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This project is very different to the others I have looked at so far for a few reasons. Firstly, it includes celebrities as it’s subjects. As well as this, they are studio portraits, and there is accompanying text with each shot.
This is my favourite of the 3 I’ve shown here, and I think it’s because it’s the closest and most intimate. Although I have mentioned that I like interesting textured backgrounds, I think that in these shots, the plain background really draws attention to the subjects, and simplifies the portraits. It is also likely that the backgrounds are plain because it is a studio set up.
A common theme between all of these shots is the use of direct eye contact to the camera. I think this would be easier as the subjects are used to the camera and interacting with people. However, I will likely have some people that won’t want to have their portraits taken as obviously as this. I have already spoken about ways to combat this potential issue. For this particular shot, I like the crop of the portrait. It’s a flattering shot as it doesn’t leave any awkward ‘cut off’s’ such as cropping out the hands etc. I also like that his pendant is still fully visable, and that the end of the opening on his blazer marks the crop on the photo. These are things that I need to consider when constructing my portraits.
Jon Tonks is a British Photographer who documents life through different projects. I have chosen to look at him, as I particularly like his portraiture.
I love the use of natural window light in this shot. I think that the likelihood is that I will be relying on window light for the better portraits within this series, as the soft light reflects the delicate nature of the subject. Therefore, I am researching portraits shot using primarily natural of soft lighting so I have more inspiration when it comes to shooting my own project. I also like the direct address to the camera in this, and the serious expression on the subjects face. Although, I hope to capture my subjects at their most comfortable, and as my project is about sustainable communities, and I a also working for ArtShape to show the good work they do, I think it is more important that I capture ‘moments’ and smiles.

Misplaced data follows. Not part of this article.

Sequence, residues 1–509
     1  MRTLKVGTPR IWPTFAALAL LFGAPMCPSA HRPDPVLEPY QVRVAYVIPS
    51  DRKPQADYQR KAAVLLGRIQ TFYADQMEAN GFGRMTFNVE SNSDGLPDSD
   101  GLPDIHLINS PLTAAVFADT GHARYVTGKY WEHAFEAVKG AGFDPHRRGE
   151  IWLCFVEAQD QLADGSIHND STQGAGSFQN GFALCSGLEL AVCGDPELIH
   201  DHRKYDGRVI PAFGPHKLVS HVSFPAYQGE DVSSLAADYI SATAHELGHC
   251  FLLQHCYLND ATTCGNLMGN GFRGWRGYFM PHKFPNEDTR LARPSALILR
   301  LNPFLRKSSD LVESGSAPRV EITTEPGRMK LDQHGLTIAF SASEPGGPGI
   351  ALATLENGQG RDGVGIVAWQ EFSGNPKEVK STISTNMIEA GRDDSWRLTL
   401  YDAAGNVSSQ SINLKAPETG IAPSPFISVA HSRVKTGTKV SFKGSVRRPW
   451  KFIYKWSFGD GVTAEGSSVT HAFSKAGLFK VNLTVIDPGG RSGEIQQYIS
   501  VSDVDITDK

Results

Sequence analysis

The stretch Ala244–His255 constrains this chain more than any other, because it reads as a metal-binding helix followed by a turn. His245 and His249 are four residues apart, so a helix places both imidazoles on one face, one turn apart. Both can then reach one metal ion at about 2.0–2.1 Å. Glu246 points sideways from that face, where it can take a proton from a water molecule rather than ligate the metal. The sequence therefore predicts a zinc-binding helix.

I love the full length format of this shot, as well as the use of lines behind the subject. I think that combined with 2 subjects, the symmetry within the image makes it satisfying to look at.
My assumption on this image is that it was shot using natural lighting from a window/door in front of the subject. But it may have also been shot using a large soft box to give a similar effect. I don’t intend on taking a soft box or any other equipment with me, as I want the photographs to be as natural and informal as possible. I think the key thing for me to achieve this is to take minimal equipment for the benefit of the subjects too. I don’t want them to feel overwhelmed or intimidated by too much equipment.
I first saw this picture at the National Portrait Gallery Taylor Wessing Portrait Prize, and I love it. Although it’s not relevant to the kind of images I intend on shooting for my sustainability brief, I think that the composition and framing of the shot is something to be admired, and it absolutely inspires me and indicates the kind of photography I’d like to produce in the future.
Having looked at these portraits (especially some of the full length portraits), this research may also be fitting for my other project for the ‘Unsustainability’ Brief, as I am making a series of street portraits.